The buzz about bumblebee’s, cute butts is all over the internet these days. I too have found them to be irresistible–unless they sting you. Needless to say, I have been the victim of our beloved pollinators several times. After which, my mind became immune to the pain and sensation felt afterwards.
But damn, cute pictures of bumblebee butts could pose a threat to Kim K. The perfectly round, fuzzy bottoms of bumblebees. Hovering in the sky and shooting on the flowers, have been captured by the shutterbugs. I’m sure watching their pictures, will melt your heart right away. But first, let’s educate ourselves and learn more about these majestic creatures.
Bumblebee is one among the 250 species found in the genus Bombus, part of Apidae, one of the bee families. These fuzzballs make one of the most economically, and ecologically important insects on the planet. India itself is home to 48 of the 250 known species of bumblebees.
These nectar loving insects are the only pollinators of vegetation in the high altitude regions. This has been revealed in a recent publication, Indian Bumblebees. Written by entomologist M.S. Saini and co-authored by Rifat H. Raina and Harpreet Singh Ghator. The book enlists all 48 species found in India, which is the result of 16 years of hard work.
Bumblebees can be characterised by black, yellow and reddish body hair, and are often striped. They are generally found at altitudes ranging from, 2,000-15,000 feet, along the entire Himalayas from Jammu & Kashmir to Nagaland.
“Bumblebees are important to the ecosystem, without them seed setting and fruiting, will not take place in many plants. They pollinate vegetables, fruit trees, cash crops and even ornamental and medicinal plants, high in the Himalayas,” cites Mr. Saini, the author of the book Indian Bumblebees.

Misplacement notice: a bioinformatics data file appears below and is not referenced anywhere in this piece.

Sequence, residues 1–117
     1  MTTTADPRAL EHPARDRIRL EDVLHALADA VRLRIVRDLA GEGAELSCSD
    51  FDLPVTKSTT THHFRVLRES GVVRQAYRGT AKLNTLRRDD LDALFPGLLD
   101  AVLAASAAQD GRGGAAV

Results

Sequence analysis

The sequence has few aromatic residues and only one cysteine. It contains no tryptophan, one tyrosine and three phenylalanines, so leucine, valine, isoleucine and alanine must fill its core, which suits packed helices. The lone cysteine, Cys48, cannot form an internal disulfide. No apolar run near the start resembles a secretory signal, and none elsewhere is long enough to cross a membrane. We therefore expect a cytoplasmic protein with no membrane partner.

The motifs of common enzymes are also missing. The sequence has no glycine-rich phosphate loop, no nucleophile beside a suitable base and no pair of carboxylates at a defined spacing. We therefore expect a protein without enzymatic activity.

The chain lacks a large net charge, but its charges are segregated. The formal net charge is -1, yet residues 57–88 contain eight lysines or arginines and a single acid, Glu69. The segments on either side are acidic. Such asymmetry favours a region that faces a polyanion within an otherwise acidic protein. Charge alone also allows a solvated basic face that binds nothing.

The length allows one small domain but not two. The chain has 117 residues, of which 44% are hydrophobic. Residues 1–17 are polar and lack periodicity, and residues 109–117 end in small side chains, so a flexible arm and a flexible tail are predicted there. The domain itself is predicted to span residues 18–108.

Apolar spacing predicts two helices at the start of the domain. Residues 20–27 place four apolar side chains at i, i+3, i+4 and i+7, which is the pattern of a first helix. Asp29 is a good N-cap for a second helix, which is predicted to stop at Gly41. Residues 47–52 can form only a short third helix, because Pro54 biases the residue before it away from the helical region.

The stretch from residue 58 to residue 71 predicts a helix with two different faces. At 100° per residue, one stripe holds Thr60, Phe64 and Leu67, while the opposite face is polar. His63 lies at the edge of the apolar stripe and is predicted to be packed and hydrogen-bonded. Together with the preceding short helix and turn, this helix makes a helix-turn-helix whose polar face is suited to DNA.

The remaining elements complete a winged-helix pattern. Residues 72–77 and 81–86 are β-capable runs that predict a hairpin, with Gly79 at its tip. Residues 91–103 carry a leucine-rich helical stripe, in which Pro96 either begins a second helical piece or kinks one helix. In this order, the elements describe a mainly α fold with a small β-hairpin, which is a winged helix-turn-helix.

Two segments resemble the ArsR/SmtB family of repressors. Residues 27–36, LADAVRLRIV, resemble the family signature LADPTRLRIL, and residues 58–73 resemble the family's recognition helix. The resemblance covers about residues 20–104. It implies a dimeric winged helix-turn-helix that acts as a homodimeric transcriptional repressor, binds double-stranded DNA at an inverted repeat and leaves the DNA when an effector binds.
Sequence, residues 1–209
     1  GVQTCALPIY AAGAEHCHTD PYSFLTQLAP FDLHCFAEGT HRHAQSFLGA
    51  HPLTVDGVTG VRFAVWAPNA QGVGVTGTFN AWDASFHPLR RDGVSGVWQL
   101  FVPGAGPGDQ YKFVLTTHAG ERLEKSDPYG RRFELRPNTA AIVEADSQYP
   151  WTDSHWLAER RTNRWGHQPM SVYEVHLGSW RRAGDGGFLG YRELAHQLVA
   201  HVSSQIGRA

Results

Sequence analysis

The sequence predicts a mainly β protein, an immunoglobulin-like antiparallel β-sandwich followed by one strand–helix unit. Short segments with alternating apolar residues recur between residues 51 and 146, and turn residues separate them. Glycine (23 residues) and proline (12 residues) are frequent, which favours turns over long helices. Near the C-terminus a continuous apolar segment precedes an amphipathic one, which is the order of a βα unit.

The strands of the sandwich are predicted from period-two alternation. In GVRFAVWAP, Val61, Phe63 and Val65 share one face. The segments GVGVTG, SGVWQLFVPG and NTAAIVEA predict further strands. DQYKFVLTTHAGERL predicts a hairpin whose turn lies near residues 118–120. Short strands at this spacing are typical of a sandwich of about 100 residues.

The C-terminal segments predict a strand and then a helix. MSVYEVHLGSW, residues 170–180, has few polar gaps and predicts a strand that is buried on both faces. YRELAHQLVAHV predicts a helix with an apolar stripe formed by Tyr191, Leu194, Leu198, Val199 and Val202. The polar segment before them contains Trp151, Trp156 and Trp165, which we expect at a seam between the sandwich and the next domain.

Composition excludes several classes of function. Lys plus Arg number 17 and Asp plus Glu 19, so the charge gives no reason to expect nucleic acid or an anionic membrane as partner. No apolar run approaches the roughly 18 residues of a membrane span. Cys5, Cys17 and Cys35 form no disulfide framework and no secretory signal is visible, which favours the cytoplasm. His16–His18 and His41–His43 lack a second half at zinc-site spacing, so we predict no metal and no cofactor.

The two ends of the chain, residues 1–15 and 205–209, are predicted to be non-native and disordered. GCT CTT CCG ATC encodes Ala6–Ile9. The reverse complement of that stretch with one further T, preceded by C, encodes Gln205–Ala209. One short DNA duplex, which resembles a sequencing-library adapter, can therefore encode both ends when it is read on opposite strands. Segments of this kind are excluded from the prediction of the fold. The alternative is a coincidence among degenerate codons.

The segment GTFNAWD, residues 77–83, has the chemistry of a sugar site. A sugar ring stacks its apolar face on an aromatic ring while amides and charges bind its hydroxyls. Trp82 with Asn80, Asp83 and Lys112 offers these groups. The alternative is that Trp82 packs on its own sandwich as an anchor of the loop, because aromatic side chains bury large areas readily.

Like the honeybees, bumblebees are social insects. They form colonies with a single queen— the size of which depends on the species. However, the colonies formed by bumblebees are smaller as compared to those of honeybees, growing to as few as 50 individuals in a nest. It has also been noticed that female bumblebees can sting repeatedly. But they usually ignore humans and animals.
“The founder of the colony is the queen that hibernates throughout winter. In spring, she finds a site for a new nest. Having mated the previous autumn, she then lays her eggs which will result in the first batch of workers,” said Mr. Saini, explaining the life cycle of the bumblebees.
Bumblebees have round bodies, covered in soft hair (long branched setae) called “pile”. This makes them appear and feel fuzzy. Bumblebees have unique aposematic (warning) coloration, often consisting of contrasting bands of colour. They are bigger and fluffier than their cousin, honeybees.
Generally, male bumblebees have fuzzy, hairy hind legs that stick the pollen grains, making it easy to transport. Unlike honeybees, bumblebees don’t have a pollen basket. Though female cuckoo bees also have hairy hind legs, so beware as they can delivering a nasty sting. Thick hair enables bumblebees to forage and pollinate flowers in winters when it’s too cold for honeybees.
Now you’ve enough, so let’s check out the cutest pictures of bumblebee’s butts, making rounds on the internet.
I am a fairy, wearing a striped tee.
Mr. Bombastic, he is fantastic. Digging in it like a champ.
Feels like this one is shy. We won’t bother you, little buddy.
Goldilocks with white underpants.
Redbull, it gives you wings.
STATUTORY WARNING: This little guy doesn’t promote the drink. He only wants you to plant more flowering trees.
This is how a busy bee looks like. Thank you for pollinating the flowers, little bee.
This one is a caterpillar disguised as a bee.
But first, let me find real gold.
Queen of Cheery blossoms. Look at her pose, them pretty legs.
Little miss Muffet, she sat on a tuffet, sipping the nectar away.
I like this shade of purple. Yay! it’s mine.
Look at her butt… Little pollinator at work.
Bumble bee with a bumble bum.
That’s all folks! Now make sure you plant more flowers in your garden and do your bit for the bees. Save bees, save earth.
Let they spirit be high in love. Namaste
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